When the blocks feel secure, externally rotate your arms so that the palms face the ceiling, and allow your upper arms to drop toward the floor. The rotation in the arms, along with the action in the shoulder blades, allows your trapezius muscles to soften and release down your back, counteracting the tightness that often accumulates during the day.
Next, extend your legs and let them fall open so they are externally rotated. Then release your inner thighs toward the floor so your quadriceps squarely face the ceiling, which creates a neutral rotation in the legs. Observe the difference between the two positions in terms of how your lower back feels. Externally rotated legs result in a narrowing across the lower back, which can compress the sacroiliac joints. A neutral rotation, on the other hand, broadens the lower back; this openness is critical to healthful backbending. Hold the pose for one to two minutes, depending on how comfortable you feel.
For the next variation, shift the blocks to your lower body to learn valuable alignment lessons for your legs and feet. Begin lying on your back with your legs in the neutral position from the last round. Now bend your knees and plant your feet close enough to your buttocks that your knees stack over your heels. The position of the feet is very important in backbends. Check to see if your feet are hip-distance apart and parallel to each other; it's common to feel that your feet are parallel when they are actually turned out, and to feel that your feet are pigeon-toed when they are actually parallel.
When the feet turn out, the knees often follow and splay out; and when this happens, there's external rotation in the legs, which can compromise your lower back. To counteract the tendency to turn your legs out when you backbend, place a block flat on the floor between your feet (in whichever position keeps them hip-distance apart) and keep the inner edges of your feet alongside the block as you come into the pose. Now place a second block between your inner thighs (in whatever position keeps your knees hip-distance apart).
Press down with your feet to lift your hips to the ceiling. Extend the flesh of your buttocks toward your knees and gently grip the block between your inner thighs to ensure a neutral leg rotation. These actions will lengthen and broaden your lower back. Externally rotate your arms, palms up, and press down with your outer shoulders and upper arms so that your ribs and middle back come off the floor. Re-create the lift of your shoulder blades into your chest to open your thoracic spine. Move your chest toward your chin, but don't let the back of your neck touch the floor.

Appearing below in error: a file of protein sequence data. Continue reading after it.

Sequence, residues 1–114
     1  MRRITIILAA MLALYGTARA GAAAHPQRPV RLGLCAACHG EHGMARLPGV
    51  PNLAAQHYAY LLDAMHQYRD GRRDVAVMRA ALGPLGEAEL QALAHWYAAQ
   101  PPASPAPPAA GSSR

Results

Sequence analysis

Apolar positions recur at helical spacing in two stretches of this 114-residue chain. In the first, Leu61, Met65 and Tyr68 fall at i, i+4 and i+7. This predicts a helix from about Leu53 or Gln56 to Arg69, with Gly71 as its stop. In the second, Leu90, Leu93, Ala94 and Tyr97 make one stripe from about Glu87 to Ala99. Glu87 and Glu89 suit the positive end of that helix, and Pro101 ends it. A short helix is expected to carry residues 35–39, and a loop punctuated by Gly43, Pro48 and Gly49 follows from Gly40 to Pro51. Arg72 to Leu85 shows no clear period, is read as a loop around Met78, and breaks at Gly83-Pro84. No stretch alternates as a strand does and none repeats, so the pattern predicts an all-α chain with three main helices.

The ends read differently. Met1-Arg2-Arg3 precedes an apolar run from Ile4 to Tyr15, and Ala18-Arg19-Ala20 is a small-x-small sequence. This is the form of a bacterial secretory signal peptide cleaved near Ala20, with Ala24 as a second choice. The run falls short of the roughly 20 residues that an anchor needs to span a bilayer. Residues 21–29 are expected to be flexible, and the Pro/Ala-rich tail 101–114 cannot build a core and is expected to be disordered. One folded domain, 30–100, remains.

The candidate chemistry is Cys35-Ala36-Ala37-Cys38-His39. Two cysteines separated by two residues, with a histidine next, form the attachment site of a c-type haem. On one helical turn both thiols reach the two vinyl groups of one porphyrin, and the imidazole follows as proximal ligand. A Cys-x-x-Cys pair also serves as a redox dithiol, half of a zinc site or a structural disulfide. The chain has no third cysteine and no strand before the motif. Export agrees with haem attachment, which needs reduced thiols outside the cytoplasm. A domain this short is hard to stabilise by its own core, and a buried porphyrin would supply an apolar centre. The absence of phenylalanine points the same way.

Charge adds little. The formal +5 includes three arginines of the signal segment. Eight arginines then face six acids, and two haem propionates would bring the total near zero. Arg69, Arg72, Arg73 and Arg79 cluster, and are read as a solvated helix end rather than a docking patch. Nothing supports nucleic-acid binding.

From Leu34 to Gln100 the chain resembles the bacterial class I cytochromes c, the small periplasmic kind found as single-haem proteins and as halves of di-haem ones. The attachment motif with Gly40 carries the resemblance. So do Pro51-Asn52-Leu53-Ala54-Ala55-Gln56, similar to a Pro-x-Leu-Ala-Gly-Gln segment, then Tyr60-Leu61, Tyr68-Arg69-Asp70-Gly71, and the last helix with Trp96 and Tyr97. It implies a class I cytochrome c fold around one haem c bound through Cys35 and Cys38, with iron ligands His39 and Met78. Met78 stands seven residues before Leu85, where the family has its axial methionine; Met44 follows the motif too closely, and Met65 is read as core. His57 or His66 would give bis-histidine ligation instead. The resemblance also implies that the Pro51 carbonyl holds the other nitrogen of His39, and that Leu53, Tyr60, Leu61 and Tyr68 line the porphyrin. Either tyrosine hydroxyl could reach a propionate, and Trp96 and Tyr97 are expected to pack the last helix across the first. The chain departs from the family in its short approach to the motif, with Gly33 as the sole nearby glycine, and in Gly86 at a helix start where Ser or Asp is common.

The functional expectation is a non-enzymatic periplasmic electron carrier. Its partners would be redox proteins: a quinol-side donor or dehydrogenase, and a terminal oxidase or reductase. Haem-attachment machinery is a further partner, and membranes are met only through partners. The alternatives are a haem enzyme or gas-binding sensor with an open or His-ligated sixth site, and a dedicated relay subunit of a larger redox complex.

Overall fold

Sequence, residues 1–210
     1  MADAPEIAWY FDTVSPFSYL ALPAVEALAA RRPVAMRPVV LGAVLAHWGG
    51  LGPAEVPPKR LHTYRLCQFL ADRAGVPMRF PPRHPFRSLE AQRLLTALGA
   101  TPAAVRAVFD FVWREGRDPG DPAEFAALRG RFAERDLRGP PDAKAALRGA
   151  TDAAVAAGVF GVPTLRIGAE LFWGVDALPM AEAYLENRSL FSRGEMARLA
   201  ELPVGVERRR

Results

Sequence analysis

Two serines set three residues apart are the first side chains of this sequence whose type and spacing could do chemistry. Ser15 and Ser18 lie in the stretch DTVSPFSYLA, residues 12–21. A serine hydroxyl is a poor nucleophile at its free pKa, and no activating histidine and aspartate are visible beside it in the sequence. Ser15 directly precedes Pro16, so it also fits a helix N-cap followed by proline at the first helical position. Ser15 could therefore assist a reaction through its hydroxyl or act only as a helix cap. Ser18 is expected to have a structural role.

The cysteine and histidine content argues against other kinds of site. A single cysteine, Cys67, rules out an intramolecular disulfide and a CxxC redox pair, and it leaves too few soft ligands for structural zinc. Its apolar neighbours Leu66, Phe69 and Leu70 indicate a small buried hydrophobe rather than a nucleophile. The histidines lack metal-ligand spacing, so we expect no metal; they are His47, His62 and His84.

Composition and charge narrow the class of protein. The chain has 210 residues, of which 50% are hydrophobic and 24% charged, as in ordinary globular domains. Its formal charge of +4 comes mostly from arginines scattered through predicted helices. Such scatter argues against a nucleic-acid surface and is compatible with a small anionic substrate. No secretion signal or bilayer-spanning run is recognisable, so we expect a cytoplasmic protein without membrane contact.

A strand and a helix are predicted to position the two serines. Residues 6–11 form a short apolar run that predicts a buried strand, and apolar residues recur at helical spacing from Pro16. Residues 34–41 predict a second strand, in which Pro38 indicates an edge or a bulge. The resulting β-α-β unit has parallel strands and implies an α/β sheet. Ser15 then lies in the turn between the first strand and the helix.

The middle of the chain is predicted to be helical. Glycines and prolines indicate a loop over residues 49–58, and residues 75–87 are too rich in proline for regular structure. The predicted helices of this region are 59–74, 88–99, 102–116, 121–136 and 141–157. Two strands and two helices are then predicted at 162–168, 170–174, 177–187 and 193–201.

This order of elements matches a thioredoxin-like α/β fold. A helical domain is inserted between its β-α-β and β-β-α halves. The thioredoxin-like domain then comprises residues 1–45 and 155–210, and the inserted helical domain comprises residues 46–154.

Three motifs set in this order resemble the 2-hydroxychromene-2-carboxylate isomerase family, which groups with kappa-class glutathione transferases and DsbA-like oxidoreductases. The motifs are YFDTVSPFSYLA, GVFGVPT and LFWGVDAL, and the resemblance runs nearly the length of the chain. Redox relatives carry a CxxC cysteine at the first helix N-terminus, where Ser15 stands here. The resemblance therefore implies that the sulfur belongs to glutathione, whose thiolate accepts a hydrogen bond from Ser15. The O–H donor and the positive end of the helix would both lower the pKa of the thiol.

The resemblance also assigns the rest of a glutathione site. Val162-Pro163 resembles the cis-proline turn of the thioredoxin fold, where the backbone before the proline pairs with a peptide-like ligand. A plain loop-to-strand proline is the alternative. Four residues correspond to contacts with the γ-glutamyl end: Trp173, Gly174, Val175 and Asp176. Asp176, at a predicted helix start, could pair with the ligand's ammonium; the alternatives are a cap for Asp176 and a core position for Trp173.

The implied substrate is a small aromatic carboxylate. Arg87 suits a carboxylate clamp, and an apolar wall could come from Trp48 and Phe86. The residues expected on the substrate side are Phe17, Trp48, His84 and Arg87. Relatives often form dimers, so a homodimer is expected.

Instead, keep the natural curve of the neck by lifting the cervical spine into the front body, so someone could slide a finger between your neck and the floor. Hold for 8 to 10 breaths and slowly lower down.
Bridging the Gap
For the full pose, begin in the same position as the last round, but without the blocks. Remember to keep your feet and thighs parallel. Root down evenly through the four corners of each foot and lift your hips. Without the blocks as guides, your knees may start to splay out. You will feel more weight on your outer feet if this happens. Release your inner thighs toward the floor as you did in the first variation and extend your tailbone toward your knees to lengthen the lower back.
Interlace your fingers beneath your hips and externally rotate your upper arms so that your outer shoulders roll under. Make sure when you do this that the movement is purely lateral; don't drag your shoulders away from your ears. Doing so flattens the natural curve of your neck and tightens the trapezius muscles, which should remain relaxed. Imagine that your shoulder blades are a pair of hands lifting into your chest, spreading the front of your body and opening your heart.
When applied to yoga postures, the Sanskrit word sukha is often understood as "comfortable," "easy," or "spacious." When your Bridge is aligned so that there is no compression in the lower back and the emphasis is on opening the middle and upper back, the pose can embody this concept, releasing tight spots in ways that will benefit you in both your practice and your daily life. It will also help you in Shoulderstand and deeper backbends, so that those powerful and transformative poses are equally sweet. Finding sukha in Setu Bandha, in other words, can be a veritable bridge to life.
Natasha Rizopoulos lives and teaches yoga in Los Angeles and Boston.